• I also appreciate how BugLogHQ "eats its own dogfood".  If an error occurs in BugLogHQ itself, it'll record the error just like it would for any client app, and if the error occurs during the recording process it'll report the error via email.

  • BugLogHQ utilizes a scheduled task (with a default interval of 2 minutes) referred to in the app as the "BugLog Listener Service" to denote and process incoming error messages.  When the task fires, the error messages that have been received since the last run of the task are processed and then written to the error database.  If there's a problem with writing to the database (which I understandably encountered as I was tweaking the code to support Oracle), it'll maintain the errors in the queue until the next iteration (and you can view the contents of the queue within the BugLogHQ dashboard).  Sometimes you need to restart that service in order for certain changes to take effect. If you somehow forget to reactivate the service, it'll be restarted when it receives a new error report from a client app.

  • If one or more of your clients apps are NOT CFML-based web applications, there are library files provided that let you submit errors from PHP or Python apps, or straight from Javascript.  I haven't tried out those files yet, but we do have a few PHP apps in our shop now that could make use of the PHP option.

  • There are configuration options for tying BugLogHQ to a JIRA instance, providing error summaries via RSS or a digest email, and setting an API key to ensure that only your apps can submit data to BugLogHQ.

Bottom line:  if you don't yet have an error-logging application or other mechanism for storing and managing errors from your application(s), you should take a look at BugLogHQ.  Oscar and his contributors have done a great job with this application.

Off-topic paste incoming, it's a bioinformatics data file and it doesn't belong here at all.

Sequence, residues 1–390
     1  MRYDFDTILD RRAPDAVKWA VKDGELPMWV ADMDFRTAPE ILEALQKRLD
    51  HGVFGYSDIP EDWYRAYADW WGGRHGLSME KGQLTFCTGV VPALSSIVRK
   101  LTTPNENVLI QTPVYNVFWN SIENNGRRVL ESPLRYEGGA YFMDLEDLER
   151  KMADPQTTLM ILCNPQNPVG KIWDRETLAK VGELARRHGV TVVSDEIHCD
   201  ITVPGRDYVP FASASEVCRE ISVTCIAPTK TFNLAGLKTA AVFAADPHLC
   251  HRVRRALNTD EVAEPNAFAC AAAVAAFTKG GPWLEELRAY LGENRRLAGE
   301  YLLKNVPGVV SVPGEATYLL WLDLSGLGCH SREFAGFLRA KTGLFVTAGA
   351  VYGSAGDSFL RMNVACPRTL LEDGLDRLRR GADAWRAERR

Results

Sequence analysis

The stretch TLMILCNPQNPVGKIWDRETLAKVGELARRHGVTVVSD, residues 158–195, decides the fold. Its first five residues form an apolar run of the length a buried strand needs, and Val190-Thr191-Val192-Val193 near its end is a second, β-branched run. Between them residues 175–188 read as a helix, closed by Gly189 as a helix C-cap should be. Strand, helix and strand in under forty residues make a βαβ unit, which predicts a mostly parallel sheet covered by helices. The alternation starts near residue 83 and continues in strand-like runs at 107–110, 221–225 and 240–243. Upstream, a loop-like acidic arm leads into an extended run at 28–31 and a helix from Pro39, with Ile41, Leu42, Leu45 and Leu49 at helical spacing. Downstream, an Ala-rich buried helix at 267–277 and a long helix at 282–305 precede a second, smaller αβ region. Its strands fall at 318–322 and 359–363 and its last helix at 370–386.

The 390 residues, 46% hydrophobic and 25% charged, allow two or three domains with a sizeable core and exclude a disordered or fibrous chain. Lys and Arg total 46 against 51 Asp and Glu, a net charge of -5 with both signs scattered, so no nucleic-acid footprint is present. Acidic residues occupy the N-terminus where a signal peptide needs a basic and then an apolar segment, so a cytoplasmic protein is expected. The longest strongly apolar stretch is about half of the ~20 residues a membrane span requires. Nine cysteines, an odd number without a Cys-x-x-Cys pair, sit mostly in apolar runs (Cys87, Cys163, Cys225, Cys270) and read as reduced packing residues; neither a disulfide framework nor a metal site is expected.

Wednesday, January 16, 2013

dirtyFields jQuery Plugin Updated with New Options/Functions

I've made some updates to my dirtyFields jQuery plugin.  Here's the rundown:

  • Added two new public functions:
    • getDirtyFieldNames() returns an array of all currently dirty fields.
    • updateFormState() checks the clean/dirty state of all form fields in the specified container
  • Made two changes to how the CSS class denoting a dirty/changed form is applied:
    • Added a new configuration option ("self") to apply the class to the actual form element.
    • Split the single option for applying a style to a changed text input and select drop-down into two separate options for granular control (if you used the textboxSelectContext option with a previous version of the plugin, you will need to update your code).
  • Added three new configuration options to control plugin behavior:
    • The denoteDirtyFields option controls whether or not the dirty CSS class is applied to the form elements that are dirty/changed.
    • The exclusionClass option specifies the name of the CSS class that, when applied to a form field, will exclude that field from being processed by the plugin.
    • The ignoreCaseClass option specifies the name of the CSS class that, when applied to a form field, will instruct the plugin to do a case-insensitive evaluation of the current and original states of the field.

All of these changes were implemented in response to code suggestions made a team of developers (listed in the GitHub readme.txt file) who modified the plugin to meet their specific needs in one of their intranet sites.